The Value of Anonymity on the Social Web
EContent › Eileen Mullan
A few weeks back, a good friend sent me an article that appeared on one of my favorite websites, ThoughtCatalog. It had me at the headline: “This Is How Social Media Is Ruining Your Life.” See, last summer I wrote a column pointing out that many people use social media as nothing more than means to promote themselves, not to engage in honest communication with friends. For a while I believed that maybe I was the only one who thought this, but, thanks to ThoughtCatalog, I know now I am not alone.
As Lea Bullen writes, “Even if you’re seemimgly content with your life in general, going through your news feed can a spark social rivalry that you didn’t notice existed. Constant status and picture uploads illustrating the details of people’s lives, regardless of accuracy, can make you feel slighted by the universe. Coupled with social media’s addictive nature, you could be putting yourself in a pretty bad place.” I should have felt vindicated reading that passage, but it just brought up those same issues–but this time, I found myself getting much more irritated.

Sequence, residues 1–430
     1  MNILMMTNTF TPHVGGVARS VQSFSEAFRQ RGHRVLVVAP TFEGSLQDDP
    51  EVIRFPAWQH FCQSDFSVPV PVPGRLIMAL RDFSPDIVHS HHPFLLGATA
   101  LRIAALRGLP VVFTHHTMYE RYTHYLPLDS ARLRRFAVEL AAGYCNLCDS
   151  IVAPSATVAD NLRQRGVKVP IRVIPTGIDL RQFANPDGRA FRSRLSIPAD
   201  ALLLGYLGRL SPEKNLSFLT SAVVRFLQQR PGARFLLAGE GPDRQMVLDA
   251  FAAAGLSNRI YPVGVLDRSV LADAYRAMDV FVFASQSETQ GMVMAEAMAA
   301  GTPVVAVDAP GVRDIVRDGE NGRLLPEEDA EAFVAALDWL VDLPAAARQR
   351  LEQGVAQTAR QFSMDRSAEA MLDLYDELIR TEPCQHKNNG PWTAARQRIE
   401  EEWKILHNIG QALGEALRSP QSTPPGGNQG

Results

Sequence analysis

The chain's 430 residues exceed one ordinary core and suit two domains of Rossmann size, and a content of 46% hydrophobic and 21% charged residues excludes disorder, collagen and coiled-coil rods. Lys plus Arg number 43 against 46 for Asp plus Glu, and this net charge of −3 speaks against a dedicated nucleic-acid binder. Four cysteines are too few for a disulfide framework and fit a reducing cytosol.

Why? Because nothing has changed. People are still posting self-aggrandizing status updates under the guise of “sharing their life.” In fact, it may have even gotten worse.
Just look at this year’s Oscars. In between the intros and acceptance speeches, Ellen Degeneres wandered around the theater snapping selfies with celebrities and posting them to Twitter. One picture actually managed to crash Twitter! Sure, sure. These are celebrities I’m talking about, but the same rule applies to us average social media users: it’s all about getting the most likes and retweets.
Right now, we live in a world where every platform, from Facebook to Twitter to Instagram, is a venue for us to showcase the version of our “best” selves. We want people to friend us, like our status, or retweet our comments. We are, in essence, marketing ourselves out to our friends and family. How is it that the 21st century’s answer to the telegram has turned into smokescreens and horn tooting?